Ireland’s chronic housing crisis has shone a spotlight on vacant land across the State, with calls to tax owners of such sites to force the hands of developers to return that land into use. Public ire is often directed at these supposed “land hoarding” developers, with politicians among their biggest critics.
Research by The Irish Times shows, however, that developers are not the only ones sitting on land banks. The Government, by virtue of some of the bodies under its aegis, have under its control a vast swathe of buildings and sites that have been unused – in some cases for more than 30 years.
There are, according to our analysis which follows parliamentary questions by Sinn Féin TD Peadar Tóibín, at least 334 unused buildings or sites owned by bodies which operate under the oversight of departments of the State. Some of these sites are as large as 131 acres; others are in prime city-centre locations.
“There’s no doubt that every organisation can’t have 100 per cent occupancy in its portfolio,” Mr Tóibín says. “However, given the fact that housing is the defining crisis of our time, it’s absolutely shocking that the State itself has so many unoccupied buildings and unoccupied land, some of that in very useful locations.”
And there is concern as to whether public records accurately reflect the full potential of publicly-owned land or buildings that lie vacant.
Two sites with a total value of €79 million, owned by Horse Racing Ireland, under the control of the Department of Agriculture, emerged recently as vacant. These two sites, however, weren't disclosed to us in the course of our investigation, suggesting there may be a considerably higher number of vacant sites around the State than we've been able to confirm.
Tóibín said the Government was misleading the Dáil through answers to parliamentary questions in relation to vacant buildings. “The non-disclosure of properties of such high value, in prime locations, is wrong,” he said.
Scanning through the list, botched government policies over the years are recalled, including the failed plan to replace Mountjoy Prison with a new facility in north Dublin close to the M50. The ill-fated Thornton Hall site, bought by the Prison Service in 2004, has been vacant since. It has been subject of several different development plans but nothing has materialised.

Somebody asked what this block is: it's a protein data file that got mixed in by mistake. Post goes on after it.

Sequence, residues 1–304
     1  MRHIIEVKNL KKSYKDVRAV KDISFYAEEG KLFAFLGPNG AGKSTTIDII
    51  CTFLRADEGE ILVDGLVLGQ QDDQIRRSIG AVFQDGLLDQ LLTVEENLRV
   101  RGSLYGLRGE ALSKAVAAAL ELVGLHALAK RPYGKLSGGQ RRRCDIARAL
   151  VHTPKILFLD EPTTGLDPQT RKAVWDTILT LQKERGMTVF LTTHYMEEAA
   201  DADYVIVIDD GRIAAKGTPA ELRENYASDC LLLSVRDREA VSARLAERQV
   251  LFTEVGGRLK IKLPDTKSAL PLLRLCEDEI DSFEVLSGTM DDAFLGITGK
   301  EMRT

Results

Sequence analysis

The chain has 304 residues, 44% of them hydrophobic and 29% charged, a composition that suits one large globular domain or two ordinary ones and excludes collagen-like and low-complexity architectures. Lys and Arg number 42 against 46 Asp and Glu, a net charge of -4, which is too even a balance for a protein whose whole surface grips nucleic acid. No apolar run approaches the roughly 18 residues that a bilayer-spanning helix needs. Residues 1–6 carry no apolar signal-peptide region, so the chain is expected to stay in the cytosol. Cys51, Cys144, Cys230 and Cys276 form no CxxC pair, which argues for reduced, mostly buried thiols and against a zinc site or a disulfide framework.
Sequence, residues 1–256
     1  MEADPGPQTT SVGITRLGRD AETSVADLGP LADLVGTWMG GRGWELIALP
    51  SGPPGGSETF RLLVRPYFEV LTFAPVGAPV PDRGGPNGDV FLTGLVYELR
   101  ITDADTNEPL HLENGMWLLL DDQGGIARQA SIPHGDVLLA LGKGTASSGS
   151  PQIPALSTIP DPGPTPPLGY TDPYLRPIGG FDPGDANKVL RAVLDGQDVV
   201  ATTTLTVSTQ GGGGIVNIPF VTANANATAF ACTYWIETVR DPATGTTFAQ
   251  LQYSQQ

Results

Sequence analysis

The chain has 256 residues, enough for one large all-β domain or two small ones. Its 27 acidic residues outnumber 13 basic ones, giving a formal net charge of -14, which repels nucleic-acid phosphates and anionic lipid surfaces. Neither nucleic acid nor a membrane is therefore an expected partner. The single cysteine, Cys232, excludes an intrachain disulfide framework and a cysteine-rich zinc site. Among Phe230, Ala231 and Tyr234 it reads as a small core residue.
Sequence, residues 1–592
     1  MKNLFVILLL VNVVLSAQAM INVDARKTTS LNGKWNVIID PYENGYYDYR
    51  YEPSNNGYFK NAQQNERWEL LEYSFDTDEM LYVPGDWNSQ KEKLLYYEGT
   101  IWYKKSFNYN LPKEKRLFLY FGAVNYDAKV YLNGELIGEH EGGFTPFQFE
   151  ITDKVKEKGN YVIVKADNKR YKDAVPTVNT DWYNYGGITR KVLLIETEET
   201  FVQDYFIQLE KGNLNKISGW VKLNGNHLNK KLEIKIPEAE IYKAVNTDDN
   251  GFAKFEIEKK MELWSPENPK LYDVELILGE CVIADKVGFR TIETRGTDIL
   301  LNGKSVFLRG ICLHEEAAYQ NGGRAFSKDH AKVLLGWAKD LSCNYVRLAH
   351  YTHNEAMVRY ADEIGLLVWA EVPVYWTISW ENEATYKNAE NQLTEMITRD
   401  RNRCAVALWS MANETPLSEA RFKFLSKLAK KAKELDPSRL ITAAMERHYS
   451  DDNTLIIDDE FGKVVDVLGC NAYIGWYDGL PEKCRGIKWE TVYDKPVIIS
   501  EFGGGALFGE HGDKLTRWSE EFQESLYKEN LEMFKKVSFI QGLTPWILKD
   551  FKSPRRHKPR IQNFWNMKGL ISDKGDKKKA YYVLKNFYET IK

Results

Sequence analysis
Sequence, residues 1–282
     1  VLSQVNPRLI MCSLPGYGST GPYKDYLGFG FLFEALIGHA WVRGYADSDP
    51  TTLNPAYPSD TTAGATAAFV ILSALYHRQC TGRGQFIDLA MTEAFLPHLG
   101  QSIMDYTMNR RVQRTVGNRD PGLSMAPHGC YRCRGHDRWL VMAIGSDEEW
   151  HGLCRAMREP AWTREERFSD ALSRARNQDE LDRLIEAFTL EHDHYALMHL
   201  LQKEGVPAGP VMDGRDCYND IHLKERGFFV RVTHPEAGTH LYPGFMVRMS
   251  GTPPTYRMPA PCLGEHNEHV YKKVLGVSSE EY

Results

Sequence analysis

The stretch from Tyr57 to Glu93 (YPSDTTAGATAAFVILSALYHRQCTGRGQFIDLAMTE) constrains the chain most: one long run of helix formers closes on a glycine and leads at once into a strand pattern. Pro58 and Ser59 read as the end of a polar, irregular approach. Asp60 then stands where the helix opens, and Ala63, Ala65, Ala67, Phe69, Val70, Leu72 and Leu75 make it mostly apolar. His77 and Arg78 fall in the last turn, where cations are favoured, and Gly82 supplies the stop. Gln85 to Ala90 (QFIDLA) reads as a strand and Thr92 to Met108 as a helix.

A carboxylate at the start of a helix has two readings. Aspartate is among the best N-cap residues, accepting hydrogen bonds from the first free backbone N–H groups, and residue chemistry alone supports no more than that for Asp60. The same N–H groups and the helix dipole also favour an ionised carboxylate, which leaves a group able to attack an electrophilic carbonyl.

The 131-acre site on the Meath/Dublin border could arguably go some way to aiding Dublin’s housing crisis. But for 14 years it has sat vacant with no sign of development.
Whatever about vacant sites, perhaps of greater concern is that there are perfectly good residential buildings on the list. For example, there are 47 unused Garda residences around the State. The majority of these were in use up until 2012 or 2013, after which policing plans from An Garda Síochána forced their closure.
None of the residences is in Dublin. They are scattered throughout the State from Redhills in Co Cavan to Goleen in Co Cork, and from Maam in Co Galway to Ballyduff in Co Waterford. One, in Castlecomer, Co Kilkenny, has been vacant since 2001, but the vast majority on the list have only recently become free and are understood to be in relatively good condition.
Among the novel buildings on the list is the Rocket House at Dún Laoghaire harbour. Controlled by the Coast Guard, it has been vacant since 2010. Its name derives from the Breeches Buoy Rescue Rocket – early sea rescue equipment that would have been stored in the building.
Of course, some buildings in the list are in a poor or derelict condition. Nine properties off the old Youghal Road in Cork, each 860sq ft in size, are said to be in need of major refurbishment. Four coastguard cottages in Crosshaven, Co Cork, have been unused since 1983 and are presumably also not currently habitable. Five former Army married quarters are also said to be in need of refurbishment, although two were last occupied in 2016.
There are also sites which are stated to be "unsuitable for occupation", including 13 "fishery harbour centres" in locations including Dunmore East, Howth and Killybegs.
Other maritime buildings include 19 lockhouses, mostly in Co Kildare, that have been described as "derelict", in a "poor condition" or in a "fair condition". One lockhouse in Glenaree, Co Kildare, has been vacant since 1995, while the Department of Culture, Heritage and the Gaeltacht gives no specific date on when others in Co Longford and Co Carlow became vacant.
Then there are the nameless sites sprinkled across the State. Some relate to Fianna Fáil's now discredited decentralisation policy – their grand scheme announced by then minister for finance Charlie McCreevy to boost economic activity outside Dublin. The plan didn't work, and now at least 10 sites are lying idle. Those 10 sites, of a total size of almost 48 acres, are in locations including Drogheda, Dungarvan, Thurles and Portlaoise.
Whatever about the decentralisation sites, for which we can at least trace the origin, there are a number of land banks simply referred to by the Office of Public Works (OPW) as "sites". It's unclear what the purpose of these "sites" – in locations including Kill of the Grange in south Dublin, Heuston Gate in Dublin city centre and Kinsale Butchers Row in Cork – was.
Of course, some of these locations are earmarked for development. In Dungloe, Co Donegal, and Tuam, Co Galway, two sites are intended for future courthouse development. On the flip side nine existing courthouses sit vacant in counties Cork, Kildare, Leitrim, Mayo, Offaly and Wicklow. Some of those are also in line for development while there don't appear to be any plans for the others.
Another collection of land ultimately controlled by the Department of Expenditure and Public Works is a 4.5 acre bank in Dublin's docklands strategic development zone. This is controlled by the National Asset Management Agency and, for all intents and purposes, it's not vacant in the same sense as other sites on the list as there are clear development goals for this area.
It’s worth noting that, in Wexford, our analysis did not find a single vacant site controlled by bodies under the oversight of Government departments. While it may be the case that there are no such sites in the county, that’s not to say there is no vacant land. This study doesn’t cover local authority land, or land owned by individuals which would have to be disclosed in the local council’s vacant site register, provided that land is zoned for residential usage.